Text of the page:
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First Ebola Case Diagnosed in the U.S.

Federal officials today announced the first case of Ebola diagnosed in the U.S. The male patient was admitted to Texas Health Presbyterian Hospital Dallas and placed in strict isolation on September 28 after flying from Liberia to visit family in north Texas. The patient left Liberia on Septembe... Read More

Biological Samples

ILSbio is the company of choice for research institutions, biotech organizations and pharma companies looking for high quality, documented biological samples to support their research. With a wide range of specimens types available including diseased tissue, FFPE, blood, and serum, collections c... Read More

Smallpox Virus Found In Unsecured NIH Lab

Scientists cleaning out an old laboratory on the National Institutes of Health campus in Bethesda, Md., last week came across a startling discovery: vials labeled "variola" — in other words, smallpox.

Under international convention, there are supposed to be only two stashes of this deadly vir... Read More

BacterioFiles 187 - Bacteria Bolster Bedbug Biotin

This episode: Some Wolbachia bacteria produce vitamin B7 for their insect hosts!


(7.1 MB, 7.75 minutes)


Show notes: 
Journal Paper


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Scientists develop ‘electronic nose’ for rapid detection of C-diff infection

A fast-sensitive “electronic-nose” for sniffing the highly infectious bacteria C-diff, that causes diarrhoea, temperature and stomach cramps, has been developed by a team at the University of Leicester.

Using a mass spectrometer, the research team has demonstrated that it is possible to ident... Read More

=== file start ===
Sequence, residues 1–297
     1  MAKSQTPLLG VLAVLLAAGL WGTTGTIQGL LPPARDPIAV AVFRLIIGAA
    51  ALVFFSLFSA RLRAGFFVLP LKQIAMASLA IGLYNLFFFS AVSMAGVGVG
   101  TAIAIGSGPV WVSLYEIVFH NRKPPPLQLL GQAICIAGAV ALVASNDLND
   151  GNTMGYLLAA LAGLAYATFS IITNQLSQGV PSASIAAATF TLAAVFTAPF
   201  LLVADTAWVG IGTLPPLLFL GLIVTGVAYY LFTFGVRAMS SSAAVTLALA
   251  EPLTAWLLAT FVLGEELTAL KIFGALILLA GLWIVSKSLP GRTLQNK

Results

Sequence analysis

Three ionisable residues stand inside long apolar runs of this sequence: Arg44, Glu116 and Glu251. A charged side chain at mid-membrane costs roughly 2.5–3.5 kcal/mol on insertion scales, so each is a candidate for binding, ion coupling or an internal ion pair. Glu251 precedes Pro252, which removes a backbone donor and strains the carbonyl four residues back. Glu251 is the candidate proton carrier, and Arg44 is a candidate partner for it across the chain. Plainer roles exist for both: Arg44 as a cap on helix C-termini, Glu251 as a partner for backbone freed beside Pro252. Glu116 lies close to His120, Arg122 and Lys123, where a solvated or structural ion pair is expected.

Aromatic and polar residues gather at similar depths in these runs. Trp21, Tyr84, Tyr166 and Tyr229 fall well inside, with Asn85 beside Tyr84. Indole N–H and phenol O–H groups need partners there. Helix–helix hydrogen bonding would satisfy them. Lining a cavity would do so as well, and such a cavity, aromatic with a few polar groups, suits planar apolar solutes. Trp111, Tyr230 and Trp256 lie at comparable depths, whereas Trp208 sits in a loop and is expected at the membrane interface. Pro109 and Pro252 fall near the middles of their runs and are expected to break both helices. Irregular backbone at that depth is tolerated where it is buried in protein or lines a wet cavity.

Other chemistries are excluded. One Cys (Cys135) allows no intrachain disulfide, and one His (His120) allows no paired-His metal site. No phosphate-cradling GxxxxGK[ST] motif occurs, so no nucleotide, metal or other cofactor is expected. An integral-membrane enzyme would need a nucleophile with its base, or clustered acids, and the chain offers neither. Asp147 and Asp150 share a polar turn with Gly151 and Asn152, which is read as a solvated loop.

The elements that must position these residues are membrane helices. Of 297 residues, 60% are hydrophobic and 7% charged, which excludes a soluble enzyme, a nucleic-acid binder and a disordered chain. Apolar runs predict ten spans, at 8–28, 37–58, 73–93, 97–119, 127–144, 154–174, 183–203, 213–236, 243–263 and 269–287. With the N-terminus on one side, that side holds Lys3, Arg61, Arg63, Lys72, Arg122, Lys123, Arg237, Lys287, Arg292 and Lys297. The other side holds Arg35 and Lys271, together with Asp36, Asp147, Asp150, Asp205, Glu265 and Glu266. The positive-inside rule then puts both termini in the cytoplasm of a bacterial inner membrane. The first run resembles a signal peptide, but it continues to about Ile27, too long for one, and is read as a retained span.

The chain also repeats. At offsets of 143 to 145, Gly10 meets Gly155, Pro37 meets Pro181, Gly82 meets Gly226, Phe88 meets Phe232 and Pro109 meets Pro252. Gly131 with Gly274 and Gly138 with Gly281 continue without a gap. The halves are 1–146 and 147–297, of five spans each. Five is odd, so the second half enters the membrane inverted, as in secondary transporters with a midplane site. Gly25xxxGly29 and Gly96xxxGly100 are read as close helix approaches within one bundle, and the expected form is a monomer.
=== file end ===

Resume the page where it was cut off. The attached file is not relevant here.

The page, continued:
TWiV 307: Ebola aetiology

Tara Smith joins the TWiEBOVsters to discuss the Ebola virus outbreak in west Africa, spread of the disease to and within the US, transmission of the virus, and much more.


Hosts: Vincent Racaniello Read More

Plant Pathogen Silences Host’s Immune Genes

As more and more information becomes available, one marvels (and also frets) at the sophisticated strategies that pathogens have evolved in order to evade their hosts’ defense mechanisms. Many pathogens of plants and animals deliver effectors into their hosts in order to suppress immune response... Read More

Incidence of childhood tuberculosis could be 25 percent higher than previous estimates

New estimates indicate that over 650,000 children develop tuberculosis (TB) every year in the 22 countries with a high burden of the disease -- almost 25 percent higher than the total number of new cases worldwide estimated by WHO in 2012. The research also suggests that about 15 million childre... Read More

Should experimental drugs be used in the Ebola outbreak?

Risks and benefits of unproven treatments, as World Health Organization approves use in crisis.

Two Liberian doctors are set to become the first Africans to receive an experimental drug against the Ebola virus. The news comes as the World Health Organization concludes that it is ethical to us... Read More

Genomes provide clues for treating leukemia, endometrial cancers

Genomes provide clues for treating leukemia, endometrial cancers

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The Jelly Roll of Life

We know that life on earth is incredibly diverse. It can survive deep in the trenches of the ocean and in the frozen permafrost of the arctic. Surely we have much to learn from the study of life, but we also have much to learn about the virus. Even though they are not considered living things, t... Read More